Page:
For the name of a physician or for further information, call Women & Infants Health Line at 1-800-921-9299

A healthy lifestyle is important for keeping bones strong. The five major keys to prevention are:
Diet

Make sure you have an adequate amount of calcium and vitamin D in your diet. The recommended daily allowance of calcium is 1200mg-1500mg. Vitamin D helps promote the body's ability to absorb dietary calcium. The main source of dietary calcium and vitamin D is in dairy products. For example, an 8-ounce glass of whole or skim milk contains 300mg of calcium, one-third the recommended daily allowance. 

Exercise

Weight-bearing exercises such as walking or jogging and resistance training 2-3 times a week are beneficial. The advantages of exercise last only as long as you maintain the exercise program. Exercise alone cannot prevent or cure osteoporosis.

Estrogen & Alendronate

Both estrogen and alendronate are recognized as components of osteoporosis prevention and/or treatment. Women who have regular menstrual cycles enjoy the natural hormonal protection of their own body's estrogen. Young women without menses, post-menopausal or women who had their ovaries removed before the age of 50 may wish to discuss the pros and cons of hormone replacement therapy (HRT) with their physician.

Alcohol

Limit your alcohol intake. Alcohol leeches calcium, thus reducing bone strength.

Smoking

Smoking - If you smoke, quit. Smoking reduces the blood supply to bones, and nicotine slows the production of bone-forming cells.

What is a Bone Density (DEXA) Scan?

The DEXA scan is a painless imaging study which measures the density of the bone at different areas of the body and can be completed in a short period of time. It involves a low-dose x-ray that measures calcium and other minerals in the bones. The measurement helps show the strength and thickness of bones.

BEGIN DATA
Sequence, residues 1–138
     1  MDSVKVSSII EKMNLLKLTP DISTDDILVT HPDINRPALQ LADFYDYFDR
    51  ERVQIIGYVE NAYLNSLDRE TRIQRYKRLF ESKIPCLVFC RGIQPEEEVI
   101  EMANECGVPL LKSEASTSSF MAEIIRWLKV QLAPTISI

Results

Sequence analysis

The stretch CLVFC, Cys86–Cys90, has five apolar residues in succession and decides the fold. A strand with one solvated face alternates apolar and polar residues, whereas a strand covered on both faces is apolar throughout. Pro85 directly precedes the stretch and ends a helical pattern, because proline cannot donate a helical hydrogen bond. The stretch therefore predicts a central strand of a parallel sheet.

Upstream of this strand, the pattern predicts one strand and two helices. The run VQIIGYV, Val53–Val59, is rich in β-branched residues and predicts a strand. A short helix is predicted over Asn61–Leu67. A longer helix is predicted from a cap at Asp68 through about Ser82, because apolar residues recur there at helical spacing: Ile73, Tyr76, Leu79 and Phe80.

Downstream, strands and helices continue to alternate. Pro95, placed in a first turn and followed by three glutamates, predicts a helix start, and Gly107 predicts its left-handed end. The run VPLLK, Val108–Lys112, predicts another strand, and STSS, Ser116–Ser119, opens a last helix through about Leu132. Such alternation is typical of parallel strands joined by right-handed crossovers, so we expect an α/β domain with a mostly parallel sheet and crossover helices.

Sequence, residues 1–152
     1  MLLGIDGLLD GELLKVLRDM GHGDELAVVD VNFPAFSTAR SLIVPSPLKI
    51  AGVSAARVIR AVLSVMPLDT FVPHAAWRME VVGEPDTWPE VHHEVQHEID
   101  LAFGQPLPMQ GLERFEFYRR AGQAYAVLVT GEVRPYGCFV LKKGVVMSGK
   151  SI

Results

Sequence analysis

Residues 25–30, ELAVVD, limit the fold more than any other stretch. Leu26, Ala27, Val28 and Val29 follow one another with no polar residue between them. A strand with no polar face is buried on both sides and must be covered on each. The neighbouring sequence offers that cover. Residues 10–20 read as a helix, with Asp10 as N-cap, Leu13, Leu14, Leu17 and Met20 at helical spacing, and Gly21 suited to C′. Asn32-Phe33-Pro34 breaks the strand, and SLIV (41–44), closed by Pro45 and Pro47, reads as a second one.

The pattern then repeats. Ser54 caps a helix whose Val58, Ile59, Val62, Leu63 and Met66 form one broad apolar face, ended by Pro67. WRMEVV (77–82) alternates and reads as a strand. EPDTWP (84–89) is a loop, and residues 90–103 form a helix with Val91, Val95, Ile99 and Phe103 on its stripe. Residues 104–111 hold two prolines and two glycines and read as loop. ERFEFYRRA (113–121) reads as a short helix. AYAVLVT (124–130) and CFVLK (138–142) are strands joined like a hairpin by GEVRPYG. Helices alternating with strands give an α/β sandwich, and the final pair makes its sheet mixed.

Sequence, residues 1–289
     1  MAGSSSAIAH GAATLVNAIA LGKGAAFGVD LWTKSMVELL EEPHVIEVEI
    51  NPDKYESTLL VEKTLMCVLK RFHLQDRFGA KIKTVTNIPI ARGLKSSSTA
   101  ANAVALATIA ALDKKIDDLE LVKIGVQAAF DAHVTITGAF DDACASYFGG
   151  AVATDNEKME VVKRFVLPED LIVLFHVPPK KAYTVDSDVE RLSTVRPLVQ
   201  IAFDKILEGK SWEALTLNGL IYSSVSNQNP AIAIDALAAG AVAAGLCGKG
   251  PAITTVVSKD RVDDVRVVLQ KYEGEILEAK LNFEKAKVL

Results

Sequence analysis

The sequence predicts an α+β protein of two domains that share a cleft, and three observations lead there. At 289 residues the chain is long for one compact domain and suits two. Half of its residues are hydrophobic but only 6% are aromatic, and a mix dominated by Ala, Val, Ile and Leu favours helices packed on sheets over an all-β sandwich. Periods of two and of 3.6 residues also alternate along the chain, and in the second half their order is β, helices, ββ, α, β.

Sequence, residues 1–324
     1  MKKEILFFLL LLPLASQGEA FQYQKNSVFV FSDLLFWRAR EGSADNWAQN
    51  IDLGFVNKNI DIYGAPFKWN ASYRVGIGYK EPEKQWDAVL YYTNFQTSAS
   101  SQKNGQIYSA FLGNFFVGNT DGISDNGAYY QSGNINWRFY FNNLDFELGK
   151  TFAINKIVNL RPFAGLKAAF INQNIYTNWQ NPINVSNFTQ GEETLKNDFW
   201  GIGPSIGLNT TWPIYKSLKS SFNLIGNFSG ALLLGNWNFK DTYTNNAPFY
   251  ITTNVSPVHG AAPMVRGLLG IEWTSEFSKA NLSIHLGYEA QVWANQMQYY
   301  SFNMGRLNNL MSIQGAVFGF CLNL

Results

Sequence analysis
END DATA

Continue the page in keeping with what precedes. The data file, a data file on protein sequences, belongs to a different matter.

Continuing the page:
Recommendations and treatment options will be discussed as part of a comprehensive program customized to fit a patient’s needs. A patient’s physician can work with the team in planning treatment and request ongoing support.

 Pediatric Bone Density

The Hologic Horizon A DEXA scan has the ability to scan patients ranging in age from 18 months and older. It is the only DEXA scan in Rhode Island that is capable of serving pediatric patients. The DEXA scan also has the ability to perform full body composition scans as well as general scans (Axial and Appendicular).

Take the next step in feeling better

Bone Health FAQS

Who should receive a bone density scan?
  • If a patient already has established osteoporosis, a scan is mandatory every two years to have an evaluation to assess how they are progressing.
  • Any post-menopausal woman over 65 years of age should receive a scan. Results of the scan determine the frequency of follow up density evaluations.
  • People at high risk of osteoporosis should get early scans, including individuals with cancer or malignancies. Treatments these patients may undergo, including chemotherapy, could cause bone density to deteriorate.
  • Patients who have had premature menopause at an early age are at higher risk of osteoporosis and should receive an evaluation and undergo a bone density scan.
  • Patients with metabolic conditions, such as thyroid disease, they should consider receiving bone density scan evaluations.
  • A young person with an unexpected fracture should get scans because they are at higher risk.
  • Athletes who have had stress fractures
How does the Bone Health program collaborate with other orthopedic partners?

Many patients are referred by the Care New England Department of Orthopedics and Sports Medicine, and all team members are a cohesive unit that share resources, including administrative and intake management functions. Team members from the Department of Orthopedics and Sports Medicine provide second opinions complex situations, and both programs give recommendations for treatment options for patients.

How are these services integrated with other Care New England services?

Providers within Care New England can communicate collaboratively throughout all phases of the patient’s care journey. Patients have sometimes multiple morbidities, and physicians need to be able to connect with each other on patients’ needs easily. Using Epic, they can provide information for all network providers, including test results, communications and notes directly to a patient’s providers. Care New England has built and pioneered a multidisciplinary system to share resources that is unlike any other in Rhode Island.

Meet the Bone Health Team

Dr. Kenneth K. Chen

Director of Endocrinology, Diabetes and Metabolism at CNE and Division Director of Obstetrics and Consultative Medicine at Women & Infants Hospital

Dr. Robert Shalvoy

Executive Chief of Orthopedic Surgery and Sports Medicine, Associate Professor of Orthopedic Surgery, Alpert Medical School of Brown University